To beat insomnia, listen to Sleep Sound (http://bit.do/sleepsound) on your noise cancelling headphones. A soundtrack designed to help you sleep in noisy environments, Sleep Sound features calming rainfall, waves and waterfalls interwoven into a wall of soporific white noise; engineered to block out background noise whilst simultaneously coaxing you to sleep.
My laptop is an integral part of my travel kit and I use it for keeping in touch with loved ones back home, blogging, trip research and booking the next leg of my trip. Consider getting a light-weight, slim line netbook – your bag and your back will thank you in the long run!
It goes without saying but always back up regularly – especially any work you’ve done and photos you’ve taken along the way in case something happens to your computer. Laptops and cameras can be replaced, photos can’t – and whilst you’ll always have the memories, you’ll cherish looking back over your pictures, so take good care of your files.
There are many Cloud storage websites out there to choose from. Google Drive (www.Google.com/drive), OneDrive (https://onedrive.live.com), Dropbox (www.dropbox.com) – and others – all offer free Cloud storage and are a great way of backing up important documents, files and photos whilst you’re on the move, and which can be accessed from any computer via the Internet. All the above sites also have handy mobile apps, so you can access, back up and manage files from your smartphone.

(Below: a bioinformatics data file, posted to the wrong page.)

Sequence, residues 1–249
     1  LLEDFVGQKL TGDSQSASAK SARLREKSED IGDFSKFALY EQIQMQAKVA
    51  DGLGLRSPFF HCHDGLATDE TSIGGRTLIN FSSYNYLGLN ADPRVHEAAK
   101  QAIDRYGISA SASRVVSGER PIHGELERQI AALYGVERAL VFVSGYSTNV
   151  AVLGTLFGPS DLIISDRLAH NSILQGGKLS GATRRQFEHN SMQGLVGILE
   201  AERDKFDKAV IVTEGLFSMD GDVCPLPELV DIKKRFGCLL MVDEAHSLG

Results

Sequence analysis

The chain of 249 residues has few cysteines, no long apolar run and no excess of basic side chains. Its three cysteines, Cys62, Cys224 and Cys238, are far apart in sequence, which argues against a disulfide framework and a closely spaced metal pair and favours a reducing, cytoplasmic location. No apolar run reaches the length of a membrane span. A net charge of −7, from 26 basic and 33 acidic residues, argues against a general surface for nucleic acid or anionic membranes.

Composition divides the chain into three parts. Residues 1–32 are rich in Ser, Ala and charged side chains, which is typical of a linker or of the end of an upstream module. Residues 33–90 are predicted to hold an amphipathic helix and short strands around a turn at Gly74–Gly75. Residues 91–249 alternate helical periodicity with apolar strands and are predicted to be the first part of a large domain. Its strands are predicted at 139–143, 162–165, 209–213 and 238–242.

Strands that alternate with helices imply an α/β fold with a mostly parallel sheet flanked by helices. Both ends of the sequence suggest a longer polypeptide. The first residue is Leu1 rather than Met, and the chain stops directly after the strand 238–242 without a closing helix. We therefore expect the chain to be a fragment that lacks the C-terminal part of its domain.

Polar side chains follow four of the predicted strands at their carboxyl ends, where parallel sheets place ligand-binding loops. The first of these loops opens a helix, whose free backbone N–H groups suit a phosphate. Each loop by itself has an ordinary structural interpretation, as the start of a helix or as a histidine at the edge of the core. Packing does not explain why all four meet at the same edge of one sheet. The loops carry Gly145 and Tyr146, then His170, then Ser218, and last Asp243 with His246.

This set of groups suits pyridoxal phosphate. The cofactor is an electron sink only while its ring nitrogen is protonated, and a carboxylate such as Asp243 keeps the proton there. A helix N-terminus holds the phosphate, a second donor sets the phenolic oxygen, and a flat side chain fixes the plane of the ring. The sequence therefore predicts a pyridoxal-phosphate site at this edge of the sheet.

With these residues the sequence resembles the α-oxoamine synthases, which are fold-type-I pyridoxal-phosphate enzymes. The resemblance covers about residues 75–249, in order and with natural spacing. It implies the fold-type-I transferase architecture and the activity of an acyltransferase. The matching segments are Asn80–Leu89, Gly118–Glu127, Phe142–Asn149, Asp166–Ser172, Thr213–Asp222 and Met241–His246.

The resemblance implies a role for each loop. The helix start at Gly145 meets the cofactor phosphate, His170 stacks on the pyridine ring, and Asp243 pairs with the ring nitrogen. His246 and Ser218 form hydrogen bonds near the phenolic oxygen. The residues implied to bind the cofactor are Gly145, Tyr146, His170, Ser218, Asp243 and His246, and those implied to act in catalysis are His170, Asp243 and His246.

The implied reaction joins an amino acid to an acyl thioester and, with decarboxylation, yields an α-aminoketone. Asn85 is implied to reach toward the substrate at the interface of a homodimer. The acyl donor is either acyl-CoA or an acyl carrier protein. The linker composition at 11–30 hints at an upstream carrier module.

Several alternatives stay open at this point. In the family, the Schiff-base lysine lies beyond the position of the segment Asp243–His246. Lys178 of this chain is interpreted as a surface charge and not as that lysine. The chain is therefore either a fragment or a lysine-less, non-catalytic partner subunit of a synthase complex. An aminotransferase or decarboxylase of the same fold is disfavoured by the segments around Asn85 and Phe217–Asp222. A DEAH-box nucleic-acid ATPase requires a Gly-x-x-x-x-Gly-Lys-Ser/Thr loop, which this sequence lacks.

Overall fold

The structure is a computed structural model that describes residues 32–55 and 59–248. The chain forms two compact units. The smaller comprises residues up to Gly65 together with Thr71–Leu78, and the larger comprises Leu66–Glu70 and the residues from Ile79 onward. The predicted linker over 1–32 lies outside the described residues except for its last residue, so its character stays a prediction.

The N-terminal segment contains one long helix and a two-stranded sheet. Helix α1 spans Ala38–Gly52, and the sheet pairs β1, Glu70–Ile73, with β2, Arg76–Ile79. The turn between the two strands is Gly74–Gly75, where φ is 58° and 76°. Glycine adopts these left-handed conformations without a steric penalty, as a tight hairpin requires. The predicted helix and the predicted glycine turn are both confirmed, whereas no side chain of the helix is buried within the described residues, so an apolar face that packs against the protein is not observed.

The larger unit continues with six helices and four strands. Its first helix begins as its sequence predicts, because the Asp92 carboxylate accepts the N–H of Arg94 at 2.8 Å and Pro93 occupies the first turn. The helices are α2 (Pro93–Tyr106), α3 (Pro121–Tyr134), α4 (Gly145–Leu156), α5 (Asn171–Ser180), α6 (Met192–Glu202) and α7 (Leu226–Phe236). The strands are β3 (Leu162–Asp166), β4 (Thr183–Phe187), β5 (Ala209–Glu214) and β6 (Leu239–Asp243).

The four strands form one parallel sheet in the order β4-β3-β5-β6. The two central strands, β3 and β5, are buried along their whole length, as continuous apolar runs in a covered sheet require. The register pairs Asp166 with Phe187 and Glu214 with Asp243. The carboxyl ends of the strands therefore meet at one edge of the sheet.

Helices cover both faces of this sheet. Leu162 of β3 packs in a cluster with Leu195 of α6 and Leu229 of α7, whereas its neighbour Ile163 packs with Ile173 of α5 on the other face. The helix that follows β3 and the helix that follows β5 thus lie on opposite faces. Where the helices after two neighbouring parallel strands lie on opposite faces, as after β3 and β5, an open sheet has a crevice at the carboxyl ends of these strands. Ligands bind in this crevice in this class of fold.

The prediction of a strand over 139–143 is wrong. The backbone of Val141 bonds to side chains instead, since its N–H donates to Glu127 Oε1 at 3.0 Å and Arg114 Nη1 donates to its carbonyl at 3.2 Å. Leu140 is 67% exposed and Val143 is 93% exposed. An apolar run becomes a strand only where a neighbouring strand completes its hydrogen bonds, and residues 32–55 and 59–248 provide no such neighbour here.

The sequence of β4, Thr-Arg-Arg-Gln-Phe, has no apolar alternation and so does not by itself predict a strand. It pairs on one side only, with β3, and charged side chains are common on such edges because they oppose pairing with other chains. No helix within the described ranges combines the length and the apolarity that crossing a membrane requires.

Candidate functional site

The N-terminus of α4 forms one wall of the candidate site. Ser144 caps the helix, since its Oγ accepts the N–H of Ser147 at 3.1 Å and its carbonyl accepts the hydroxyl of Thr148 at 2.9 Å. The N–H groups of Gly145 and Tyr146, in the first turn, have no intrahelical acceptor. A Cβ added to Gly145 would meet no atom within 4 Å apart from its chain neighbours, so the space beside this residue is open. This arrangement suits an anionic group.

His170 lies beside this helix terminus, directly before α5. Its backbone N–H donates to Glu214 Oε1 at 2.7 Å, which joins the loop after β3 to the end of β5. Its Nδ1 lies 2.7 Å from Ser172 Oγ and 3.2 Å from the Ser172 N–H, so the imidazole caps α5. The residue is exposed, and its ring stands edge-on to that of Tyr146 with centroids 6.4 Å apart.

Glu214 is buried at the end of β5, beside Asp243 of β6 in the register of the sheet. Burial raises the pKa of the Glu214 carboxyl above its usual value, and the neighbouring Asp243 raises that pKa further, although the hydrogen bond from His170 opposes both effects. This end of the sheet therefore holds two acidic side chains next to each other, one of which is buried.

If you need more storage that the free plan offers, you can purchase a monthly or annual plan but before you buy, think about spreading your files over a few free Cloud-based accounts. Top tip: always do your backing up over a fast Wi-Fi connection, or it will take ages to upload large files like photos.
It’s also worth backing up everything on to a portable hard drive like this one: https://amzn.to/2lf8EvK – it’s less valuable to a thief than a laptop, so there’s less chance of it being stolen; plus, it’s a way of accessing your files when you don’t have Wi-Fi and can’t get on to the Cloud.
Multi-country adaptor plug with USB sockets
Charge your laptop, phone and e-reader all at once with these handy multi-country adaptor plugs with USB sockets. The USB ports make light work of charging all your devices at once, and you don’t have to carry around a bulky charger for every device. From your phone to your Kindle, MP3 player to portable power bank it’s charging made easy.
Amazon has a huge selection or adaptor plugs, including this one: https://amzn.to/2tfaWyn.
Portable power bank
A portable battery or power bank with enough charge to top up your phone is a life-saver for long journeys; if your phone dies when you’re out and about or as an emergency power source during power cuts. I used the Anker PowerCore 5000 Portable Charger (https://amzn.to/2t9Ncvq), which is enough to fully charge your phone or MP3 player.
I also found it useful to take a portable battery charger in my travel kit to keep my torch and headphones batteries charged up – but your need will depend on how many devices you take with you.
Travel SIM card
Having access to calls, maps and email will be a life-saver at times – when you’re wandering around trying to find your accommodation unable to locate it with the directions given, you can simply call them.
Before you set off, make sure your phone is unlocked and check with your mobile phone service provider to see if roaming in the countries you intend to visit is included in your tariff. If it isn’t, remember to turn off the data roaming on your phone when you arrive – or you could end up with an exorbitant phone bill that you haven’t budgeted for! Then pick up a local SIM card when you land – remember you’ll need your passport in order to get a SIM, so don’t forget to take it with you to the phone shop.
Excerpt taken from The Travel Secret (How to plan your big trip and see the world) by Sarah Kerrigan. For more details and to purchase, visit www.admin.land/travel-secret.